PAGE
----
Tangentially to this, one thing I tried to imagine was what a productive all-boys educational space might look like, where boyhood was both celebrated and created in a way that was not destructive to gender diversity or femininity among those students or more broadly. This is not something I’ve explored deeply & would love any resources you have for thinking about this in the comments/in a private message. What would/does anti-oppression child-centered single-gender boys’ education look like? Because the goals of co-education don’t always meet the needs of the boys in my classroom well! That’s a whole new blog post right there…!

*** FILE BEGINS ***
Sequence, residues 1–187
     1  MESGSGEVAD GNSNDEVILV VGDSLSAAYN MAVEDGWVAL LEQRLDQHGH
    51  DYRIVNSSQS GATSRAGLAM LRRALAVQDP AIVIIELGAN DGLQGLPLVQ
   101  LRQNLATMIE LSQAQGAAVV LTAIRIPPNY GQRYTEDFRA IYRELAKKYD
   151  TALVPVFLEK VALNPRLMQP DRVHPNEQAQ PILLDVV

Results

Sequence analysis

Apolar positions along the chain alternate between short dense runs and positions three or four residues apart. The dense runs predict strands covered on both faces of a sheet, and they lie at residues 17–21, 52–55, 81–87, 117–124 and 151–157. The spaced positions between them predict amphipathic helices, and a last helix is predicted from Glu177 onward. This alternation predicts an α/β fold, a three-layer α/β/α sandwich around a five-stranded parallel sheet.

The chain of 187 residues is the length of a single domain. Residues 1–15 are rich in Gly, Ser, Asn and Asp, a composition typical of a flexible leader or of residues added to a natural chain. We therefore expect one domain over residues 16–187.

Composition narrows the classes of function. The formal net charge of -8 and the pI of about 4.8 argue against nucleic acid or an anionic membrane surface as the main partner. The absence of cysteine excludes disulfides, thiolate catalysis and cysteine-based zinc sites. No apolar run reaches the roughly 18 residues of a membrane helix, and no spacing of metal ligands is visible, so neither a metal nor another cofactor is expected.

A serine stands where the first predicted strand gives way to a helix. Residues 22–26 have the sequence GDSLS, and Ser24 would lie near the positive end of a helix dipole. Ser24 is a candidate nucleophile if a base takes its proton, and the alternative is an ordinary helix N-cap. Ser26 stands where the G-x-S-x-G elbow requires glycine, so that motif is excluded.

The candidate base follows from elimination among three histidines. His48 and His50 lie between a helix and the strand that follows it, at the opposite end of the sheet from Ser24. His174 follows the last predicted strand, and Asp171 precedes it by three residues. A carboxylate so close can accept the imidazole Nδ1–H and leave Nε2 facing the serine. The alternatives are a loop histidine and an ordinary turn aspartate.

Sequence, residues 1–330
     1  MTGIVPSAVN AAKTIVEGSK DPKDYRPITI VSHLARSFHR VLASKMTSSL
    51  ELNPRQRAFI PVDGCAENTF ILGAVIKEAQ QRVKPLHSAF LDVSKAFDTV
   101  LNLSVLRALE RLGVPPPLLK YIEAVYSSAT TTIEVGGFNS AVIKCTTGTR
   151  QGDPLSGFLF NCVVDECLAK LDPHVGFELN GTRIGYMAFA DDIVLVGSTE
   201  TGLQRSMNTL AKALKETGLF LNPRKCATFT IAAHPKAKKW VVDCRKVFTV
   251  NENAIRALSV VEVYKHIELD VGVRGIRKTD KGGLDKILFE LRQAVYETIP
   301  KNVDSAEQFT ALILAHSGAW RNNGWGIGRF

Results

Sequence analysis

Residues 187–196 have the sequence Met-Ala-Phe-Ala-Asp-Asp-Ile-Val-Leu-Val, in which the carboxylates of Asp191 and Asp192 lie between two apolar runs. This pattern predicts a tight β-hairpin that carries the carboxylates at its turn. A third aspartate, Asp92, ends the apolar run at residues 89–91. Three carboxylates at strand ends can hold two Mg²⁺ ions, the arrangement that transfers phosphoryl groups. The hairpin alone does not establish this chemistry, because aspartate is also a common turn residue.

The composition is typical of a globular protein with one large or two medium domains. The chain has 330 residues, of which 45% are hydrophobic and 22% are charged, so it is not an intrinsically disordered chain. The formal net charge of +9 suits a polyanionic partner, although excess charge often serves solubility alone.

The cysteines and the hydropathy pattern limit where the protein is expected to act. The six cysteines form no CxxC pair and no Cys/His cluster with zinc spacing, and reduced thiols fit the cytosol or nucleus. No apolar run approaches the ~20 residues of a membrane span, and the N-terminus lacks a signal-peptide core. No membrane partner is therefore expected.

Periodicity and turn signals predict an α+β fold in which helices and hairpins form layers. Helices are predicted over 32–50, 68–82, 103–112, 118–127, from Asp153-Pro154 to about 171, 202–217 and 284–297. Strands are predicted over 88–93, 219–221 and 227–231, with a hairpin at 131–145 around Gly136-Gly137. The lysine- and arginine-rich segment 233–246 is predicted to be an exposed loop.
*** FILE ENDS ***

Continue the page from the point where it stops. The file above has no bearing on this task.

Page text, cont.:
Male teachers need spaces to talk about masculinity and power.
Overall, I left the caucus incredibly grateful for the space and eager to dive into these topics further. I want to invite other men that I work with to have these kinds of conversations in a way that is productive and allows us to start disentangling the many threads of the web of masculinity and power.
What are your thoughts? How has gender, perceived or projected, impacted your relationship to teaching? How can we create a healthy relationship to masculine power with the assumption that sexism exists, persists, and should be dismantled?